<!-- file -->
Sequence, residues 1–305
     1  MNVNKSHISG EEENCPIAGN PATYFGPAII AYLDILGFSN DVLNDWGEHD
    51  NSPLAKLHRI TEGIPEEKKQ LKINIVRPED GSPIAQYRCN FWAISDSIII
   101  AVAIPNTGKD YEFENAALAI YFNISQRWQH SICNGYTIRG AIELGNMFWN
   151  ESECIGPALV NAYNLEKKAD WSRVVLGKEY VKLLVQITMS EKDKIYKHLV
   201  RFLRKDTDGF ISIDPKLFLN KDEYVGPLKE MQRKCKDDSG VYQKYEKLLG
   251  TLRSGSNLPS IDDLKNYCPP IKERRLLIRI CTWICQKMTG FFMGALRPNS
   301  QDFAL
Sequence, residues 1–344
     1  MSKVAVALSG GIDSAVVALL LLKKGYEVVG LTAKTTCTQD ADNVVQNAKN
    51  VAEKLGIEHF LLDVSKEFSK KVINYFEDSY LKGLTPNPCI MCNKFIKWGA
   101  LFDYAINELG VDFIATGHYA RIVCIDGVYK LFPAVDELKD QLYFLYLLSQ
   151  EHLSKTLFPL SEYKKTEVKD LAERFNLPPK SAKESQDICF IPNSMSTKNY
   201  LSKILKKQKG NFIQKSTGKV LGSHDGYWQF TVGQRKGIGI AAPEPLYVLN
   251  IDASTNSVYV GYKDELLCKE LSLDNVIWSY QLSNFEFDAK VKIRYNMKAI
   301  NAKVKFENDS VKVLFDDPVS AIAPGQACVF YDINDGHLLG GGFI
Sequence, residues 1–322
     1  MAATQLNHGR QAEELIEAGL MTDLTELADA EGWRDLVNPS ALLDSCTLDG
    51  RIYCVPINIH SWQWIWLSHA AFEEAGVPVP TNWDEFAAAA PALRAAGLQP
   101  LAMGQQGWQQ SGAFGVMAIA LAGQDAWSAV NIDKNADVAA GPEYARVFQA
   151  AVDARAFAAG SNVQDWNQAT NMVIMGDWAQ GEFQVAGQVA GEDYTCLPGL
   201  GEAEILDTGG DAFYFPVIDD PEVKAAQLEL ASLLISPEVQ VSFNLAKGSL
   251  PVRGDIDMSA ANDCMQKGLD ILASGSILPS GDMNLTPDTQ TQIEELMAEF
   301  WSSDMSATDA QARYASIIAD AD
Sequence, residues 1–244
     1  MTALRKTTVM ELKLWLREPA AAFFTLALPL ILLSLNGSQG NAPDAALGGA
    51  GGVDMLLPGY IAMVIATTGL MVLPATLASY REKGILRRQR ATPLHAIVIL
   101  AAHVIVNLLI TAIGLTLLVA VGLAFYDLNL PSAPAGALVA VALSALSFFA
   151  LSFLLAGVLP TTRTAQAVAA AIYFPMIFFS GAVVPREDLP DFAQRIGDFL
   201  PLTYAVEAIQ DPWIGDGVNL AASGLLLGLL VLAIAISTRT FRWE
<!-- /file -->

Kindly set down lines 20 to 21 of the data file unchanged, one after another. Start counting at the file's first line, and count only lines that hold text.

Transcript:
   101  LAMGQQGWQQ SGAFGVMAIA LAGQDAWSAV NIDKNADVAA GPEYARVFQA
   151  AVDARAFAAG SNVQDWNQAT NMVIMGDWAQ GEFQVAGQVA GEDYTCLPGL